The current push started with a project to streamline point-of-sale (POS) processes for Callaway’s TravisMathew brand. It deployed the SAP Omnichannel Point-of-Sale application by GK, automating workflows and helping make finance and store staff more efficient by providing them with a unified, integrated solution.
“Now you start gathering all this information from a customer perspective,” Casanova says. “Replatforming, data mining, building our data lakes to just clean the data, because back in those days it was so many systems, the data was not consistent. Now we’re having one single point of entry. We migrated 200,000 retail customers from TravisMathew to us.”
Those customers, Casanova explains, were in a kind of “sleep” stage — in the database but not active. When Callaway launched the new PoS application, it also launched a new contact form that would allow it to relate new purchases to existing customers to generate a customer history, with extra loyalty points as an enticement.
“This was really successful,” Casanova says. “It’s been four years now since we launched the loyalty program from TravisMathew and we already have a million subscribers.”
For the IT team, the new PoS application meant they could monitor the system environment for all TravisMathew stores from a single location, enabling them to identify and address maintenance issues quickly. Data could also be shared automatically between the head office and individual stores, streamlining finance processes. Automation eliminated the need for manual data entry, reducing errors and saving time.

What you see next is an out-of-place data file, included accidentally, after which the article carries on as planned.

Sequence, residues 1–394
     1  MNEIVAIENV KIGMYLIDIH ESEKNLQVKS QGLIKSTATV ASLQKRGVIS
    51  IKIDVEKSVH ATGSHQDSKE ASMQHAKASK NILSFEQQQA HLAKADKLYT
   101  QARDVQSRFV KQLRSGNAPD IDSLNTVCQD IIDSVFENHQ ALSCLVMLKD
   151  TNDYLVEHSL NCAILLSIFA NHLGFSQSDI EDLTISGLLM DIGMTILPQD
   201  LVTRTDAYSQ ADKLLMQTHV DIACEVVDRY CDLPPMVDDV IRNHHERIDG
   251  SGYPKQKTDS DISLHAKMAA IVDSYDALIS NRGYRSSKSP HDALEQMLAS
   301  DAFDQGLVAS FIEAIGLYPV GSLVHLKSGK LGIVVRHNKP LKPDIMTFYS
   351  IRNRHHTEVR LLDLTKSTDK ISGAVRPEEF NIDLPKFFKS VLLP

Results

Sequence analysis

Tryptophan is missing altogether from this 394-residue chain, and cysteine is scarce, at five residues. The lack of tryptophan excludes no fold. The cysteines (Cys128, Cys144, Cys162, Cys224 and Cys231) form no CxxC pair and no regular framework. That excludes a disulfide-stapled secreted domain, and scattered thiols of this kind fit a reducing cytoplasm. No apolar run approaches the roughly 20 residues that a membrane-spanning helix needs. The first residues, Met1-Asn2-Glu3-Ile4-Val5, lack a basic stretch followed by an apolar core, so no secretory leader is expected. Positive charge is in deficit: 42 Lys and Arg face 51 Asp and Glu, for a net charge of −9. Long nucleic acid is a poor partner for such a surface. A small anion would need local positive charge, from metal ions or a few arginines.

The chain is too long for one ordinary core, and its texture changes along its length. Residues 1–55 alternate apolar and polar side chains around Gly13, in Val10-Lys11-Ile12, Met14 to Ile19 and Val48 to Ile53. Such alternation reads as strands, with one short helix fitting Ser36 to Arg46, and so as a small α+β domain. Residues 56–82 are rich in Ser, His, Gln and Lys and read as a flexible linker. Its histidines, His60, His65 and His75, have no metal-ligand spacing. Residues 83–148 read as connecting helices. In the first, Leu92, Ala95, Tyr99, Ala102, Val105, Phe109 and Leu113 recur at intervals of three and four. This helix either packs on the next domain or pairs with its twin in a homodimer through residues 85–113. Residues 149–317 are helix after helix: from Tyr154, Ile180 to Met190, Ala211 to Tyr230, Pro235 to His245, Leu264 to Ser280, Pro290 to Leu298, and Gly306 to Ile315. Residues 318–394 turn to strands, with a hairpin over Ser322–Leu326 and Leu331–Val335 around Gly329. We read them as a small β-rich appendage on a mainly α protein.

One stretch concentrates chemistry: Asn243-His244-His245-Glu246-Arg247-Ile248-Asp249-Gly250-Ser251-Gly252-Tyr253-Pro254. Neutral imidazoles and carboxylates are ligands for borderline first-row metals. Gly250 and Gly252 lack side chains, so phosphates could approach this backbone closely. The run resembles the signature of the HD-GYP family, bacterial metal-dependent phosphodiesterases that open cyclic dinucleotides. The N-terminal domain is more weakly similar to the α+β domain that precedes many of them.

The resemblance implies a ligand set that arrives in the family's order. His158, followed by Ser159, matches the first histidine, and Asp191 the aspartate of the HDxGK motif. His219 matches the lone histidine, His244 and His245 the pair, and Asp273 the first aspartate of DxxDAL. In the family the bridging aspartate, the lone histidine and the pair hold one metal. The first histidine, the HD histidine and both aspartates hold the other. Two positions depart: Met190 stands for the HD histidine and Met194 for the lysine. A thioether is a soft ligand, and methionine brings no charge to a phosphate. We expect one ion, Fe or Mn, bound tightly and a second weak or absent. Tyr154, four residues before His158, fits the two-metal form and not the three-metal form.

That project laid the groundwork for the international expansion of Callaway’s various brands.
“Now, when I have a new country, I have 80% of my process, my system, everything already configured,” Casanova says. “What I do is simply go to the country to see if there’s any digitalisation that I need to adapt, but it’s literally just switching on and off features.”
Since 2020, the company has done six big international rollouts — including replacing all the systems and installing all the stores in a new country — at an average of about three months for each rollout.
“What takes more time is literally the change management and training, rather than the system itself,” Casanova says. “I think the key is having this standardised solution using SAP in GK because it’s literally copy and paste. We add a new company code. The master data is the same. We have the image ready to deploy.”
For now, Callaway still runs everything on-premises on its own infrastructure because the company is not yet ready from a structural standpoint to make the transition to the public cloud.
“You have all these domains, network-wise it’s very difficult to get employees, payroll, everything else — it takes time,” Casanova says.
He and his team have focused on enabling the business from a front-end perspective, but the plan over the coming year is to migrate the back end from its on-prem infrastructure to the public cloud.